The potential problem for the Eagles was that their competition in this game scored first more frequently (29 times, second in the country), and had the second-best winning percentage when doing so (24-3-2, .862). Moreover, while the Eagles had only scored first in each of their three previous games, Union successfully did so in nine straight, all of which they won.
One of Union's biggest assets in this tournament so far was to throw a heavy yoke over their opponents' necks nice and early in the proceedings. Against Providence, Mat Bodie drew first blood just 2:42 into the first period. Against Vermont, it took Matt Hatch just 4:15 to open his team's account shorthanded. Even without the goal, there was more of the same tonight.
"Well yeah you always want to get the first goal but we’ve played down before, it doesn’t matter if we score first or not, we’re going to play the same game," said Union wing Mike Vecchione. "I think it came pretty early. I think they scored two minutes in so we kind of were running around, but once we settled down in the second and third, we were playing our game.”
During long stretches of the regular season, Jerry York hadn't really used his top line as his starters against a lot of teams. Maybe he didn't see much of a point, given how they'd have a good long time to pull at the seams of any given opponent's defensive systems. In the NCAA tournament, though, he allowed himself no such luxury, starting Kevin Hayes and Bill Arnold and Johnny Gaudreau against both Denver and Lowell. They rewarded him straight away in the first game, scoring just 25 seconds in and quickly establishing the game as a laugher. Against Lowell, it took a little longer (12:57) as the River Hawks pushed back more heavily throughout that opening period, but Kevin Hayes broke through eventually and established something in what wound up being a wilder affair.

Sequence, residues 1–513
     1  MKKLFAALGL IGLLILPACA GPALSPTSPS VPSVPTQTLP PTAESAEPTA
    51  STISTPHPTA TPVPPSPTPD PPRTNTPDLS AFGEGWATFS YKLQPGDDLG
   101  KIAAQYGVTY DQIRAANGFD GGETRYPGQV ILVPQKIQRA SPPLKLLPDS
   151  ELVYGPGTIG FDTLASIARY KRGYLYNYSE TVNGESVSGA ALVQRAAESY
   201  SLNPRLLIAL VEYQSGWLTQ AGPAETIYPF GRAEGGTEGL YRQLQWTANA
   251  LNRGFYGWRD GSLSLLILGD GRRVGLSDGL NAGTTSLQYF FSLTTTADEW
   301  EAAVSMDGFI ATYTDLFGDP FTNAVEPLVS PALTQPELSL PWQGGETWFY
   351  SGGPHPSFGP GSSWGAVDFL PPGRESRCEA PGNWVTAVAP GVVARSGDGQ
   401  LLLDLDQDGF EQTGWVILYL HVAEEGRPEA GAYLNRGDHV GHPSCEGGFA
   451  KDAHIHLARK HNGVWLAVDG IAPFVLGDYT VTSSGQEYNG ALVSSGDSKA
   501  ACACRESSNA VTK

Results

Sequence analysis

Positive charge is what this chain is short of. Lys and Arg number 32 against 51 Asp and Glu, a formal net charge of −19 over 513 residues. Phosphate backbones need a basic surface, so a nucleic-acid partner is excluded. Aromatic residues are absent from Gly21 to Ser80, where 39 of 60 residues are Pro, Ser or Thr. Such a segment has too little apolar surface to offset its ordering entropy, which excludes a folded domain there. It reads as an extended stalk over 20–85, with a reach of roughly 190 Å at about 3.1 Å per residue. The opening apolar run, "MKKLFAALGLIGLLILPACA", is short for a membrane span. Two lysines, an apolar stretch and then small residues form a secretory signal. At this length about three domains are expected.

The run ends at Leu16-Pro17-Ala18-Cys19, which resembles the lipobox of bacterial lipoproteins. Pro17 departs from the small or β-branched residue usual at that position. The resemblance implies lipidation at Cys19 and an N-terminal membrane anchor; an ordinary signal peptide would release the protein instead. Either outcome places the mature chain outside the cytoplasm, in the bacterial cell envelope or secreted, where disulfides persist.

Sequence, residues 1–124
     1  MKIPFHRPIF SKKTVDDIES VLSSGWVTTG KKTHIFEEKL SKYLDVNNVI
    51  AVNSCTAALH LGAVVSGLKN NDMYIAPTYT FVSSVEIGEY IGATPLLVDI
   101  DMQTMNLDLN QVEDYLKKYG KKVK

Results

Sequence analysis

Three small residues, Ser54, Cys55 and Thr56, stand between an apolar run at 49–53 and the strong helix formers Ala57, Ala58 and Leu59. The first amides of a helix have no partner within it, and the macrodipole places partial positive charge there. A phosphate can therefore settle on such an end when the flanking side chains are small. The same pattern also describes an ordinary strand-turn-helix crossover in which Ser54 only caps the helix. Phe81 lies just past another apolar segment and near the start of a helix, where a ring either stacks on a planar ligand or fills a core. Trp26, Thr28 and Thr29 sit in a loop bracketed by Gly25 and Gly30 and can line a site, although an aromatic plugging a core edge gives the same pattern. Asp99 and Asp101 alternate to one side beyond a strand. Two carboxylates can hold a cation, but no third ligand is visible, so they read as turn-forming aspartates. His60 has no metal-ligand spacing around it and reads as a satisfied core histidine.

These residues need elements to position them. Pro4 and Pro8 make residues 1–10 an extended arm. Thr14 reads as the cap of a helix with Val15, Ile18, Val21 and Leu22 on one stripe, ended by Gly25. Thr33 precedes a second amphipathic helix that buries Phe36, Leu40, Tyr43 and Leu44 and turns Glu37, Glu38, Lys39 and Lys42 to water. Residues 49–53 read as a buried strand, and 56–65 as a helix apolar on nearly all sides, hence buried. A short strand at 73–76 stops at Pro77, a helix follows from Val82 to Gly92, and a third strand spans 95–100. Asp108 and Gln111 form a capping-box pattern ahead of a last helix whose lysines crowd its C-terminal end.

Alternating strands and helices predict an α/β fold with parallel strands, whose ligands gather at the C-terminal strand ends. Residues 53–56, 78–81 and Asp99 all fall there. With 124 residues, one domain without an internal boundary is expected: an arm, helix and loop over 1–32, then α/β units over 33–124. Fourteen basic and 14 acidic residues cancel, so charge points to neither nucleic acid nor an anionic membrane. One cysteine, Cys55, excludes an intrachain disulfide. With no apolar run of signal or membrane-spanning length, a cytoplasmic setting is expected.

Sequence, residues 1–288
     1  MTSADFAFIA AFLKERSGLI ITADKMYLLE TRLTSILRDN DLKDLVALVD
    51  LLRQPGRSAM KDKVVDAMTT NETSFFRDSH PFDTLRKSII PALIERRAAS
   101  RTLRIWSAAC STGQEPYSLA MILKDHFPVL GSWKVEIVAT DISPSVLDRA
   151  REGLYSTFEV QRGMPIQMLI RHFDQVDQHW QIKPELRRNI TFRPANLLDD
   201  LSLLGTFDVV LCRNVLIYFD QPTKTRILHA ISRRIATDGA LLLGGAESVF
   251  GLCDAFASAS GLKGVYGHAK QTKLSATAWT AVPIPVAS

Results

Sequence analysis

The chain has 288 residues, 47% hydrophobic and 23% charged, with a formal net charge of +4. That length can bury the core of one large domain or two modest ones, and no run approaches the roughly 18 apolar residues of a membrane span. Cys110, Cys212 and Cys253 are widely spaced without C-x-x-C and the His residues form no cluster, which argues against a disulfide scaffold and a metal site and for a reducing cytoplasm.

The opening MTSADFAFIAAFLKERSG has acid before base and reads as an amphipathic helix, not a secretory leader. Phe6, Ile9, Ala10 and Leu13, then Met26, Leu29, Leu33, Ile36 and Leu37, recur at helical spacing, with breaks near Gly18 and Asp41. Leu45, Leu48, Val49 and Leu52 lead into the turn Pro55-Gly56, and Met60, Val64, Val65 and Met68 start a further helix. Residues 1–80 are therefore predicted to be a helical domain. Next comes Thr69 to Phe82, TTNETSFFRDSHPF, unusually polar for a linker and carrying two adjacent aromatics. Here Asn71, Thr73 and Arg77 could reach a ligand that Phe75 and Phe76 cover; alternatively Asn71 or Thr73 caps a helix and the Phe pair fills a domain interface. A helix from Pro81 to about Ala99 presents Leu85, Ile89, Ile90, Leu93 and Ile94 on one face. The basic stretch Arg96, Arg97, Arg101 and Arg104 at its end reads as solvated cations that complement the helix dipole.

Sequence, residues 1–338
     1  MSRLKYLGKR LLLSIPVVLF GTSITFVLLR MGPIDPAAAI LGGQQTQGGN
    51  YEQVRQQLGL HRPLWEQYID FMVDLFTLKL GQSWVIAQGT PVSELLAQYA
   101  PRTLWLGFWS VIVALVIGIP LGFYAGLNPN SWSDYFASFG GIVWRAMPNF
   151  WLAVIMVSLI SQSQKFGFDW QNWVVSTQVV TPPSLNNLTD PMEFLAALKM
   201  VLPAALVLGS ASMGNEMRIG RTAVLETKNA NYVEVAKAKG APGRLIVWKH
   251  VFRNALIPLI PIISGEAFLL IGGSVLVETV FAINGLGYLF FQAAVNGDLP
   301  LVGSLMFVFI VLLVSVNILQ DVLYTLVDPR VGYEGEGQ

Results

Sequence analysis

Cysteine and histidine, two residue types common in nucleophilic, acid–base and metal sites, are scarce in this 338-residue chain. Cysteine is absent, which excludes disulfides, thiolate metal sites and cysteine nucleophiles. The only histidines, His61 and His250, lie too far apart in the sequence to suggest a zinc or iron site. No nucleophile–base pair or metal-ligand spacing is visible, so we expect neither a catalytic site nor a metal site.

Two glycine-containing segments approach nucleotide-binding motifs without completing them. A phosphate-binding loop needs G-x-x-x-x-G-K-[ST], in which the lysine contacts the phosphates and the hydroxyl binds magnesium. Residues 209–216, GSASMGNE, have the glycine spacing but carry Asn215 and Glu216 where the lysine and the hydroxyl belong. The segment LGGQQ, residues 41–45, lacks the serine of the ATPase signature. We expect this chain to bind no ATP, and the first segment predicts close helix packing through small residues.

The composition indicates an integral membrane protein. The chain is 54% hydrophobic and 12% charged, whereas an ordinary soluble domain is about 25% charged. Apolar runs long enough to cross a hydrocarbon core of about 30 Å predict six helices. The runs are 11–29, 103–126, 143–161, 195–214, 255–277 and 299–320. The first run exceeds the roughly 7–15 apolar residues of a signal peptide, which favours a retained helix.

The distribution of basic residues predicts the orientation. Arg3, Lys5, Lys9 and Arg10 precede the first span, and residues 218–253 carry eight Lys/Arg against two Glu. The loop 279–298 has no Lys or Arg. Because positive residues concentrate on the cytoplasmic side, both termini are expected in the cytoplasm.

"You want to set the tone every game," said Bill Arnold. "Go out there, get a strong start, get a goal, and we were able to do that, but they dictated the terms during the first period after we scored that goal."
Both these teams, with the Nos. 1 and 2 offenses and fourth- and ninth- best defenses in the country, invite teams to try them. Go punch for punch and see what happens. More often than not the challengers are counting the lights before too long. But in this clash of heavyweights, the eagerness to land that first decisive blow became all too important. Union's winning percentage drops to .667 in the 12 games in which they concede first. Still pretty high, really.
Maybe it says something about the way in which Union, which rarely lets much time pass between conceding and scoring again, has been able to pick itself up relatively quickly – throughout these three games they always answered goals against with goals for, to the point that Patrick Brown's goal with 4.2 seconds left was the only time they hadn't scored last in the tournament – and do this. Maybe BC, having gone through this three times since the postseason began, and none prior to that, just stopped being able to get away with riding the percentages. Not that it really matters much now.
"Every team, I feel, in this tournament has that ability to bounce back after they're down," said Isaac MacLeod. "They obviously showed it a little more than we did tonight."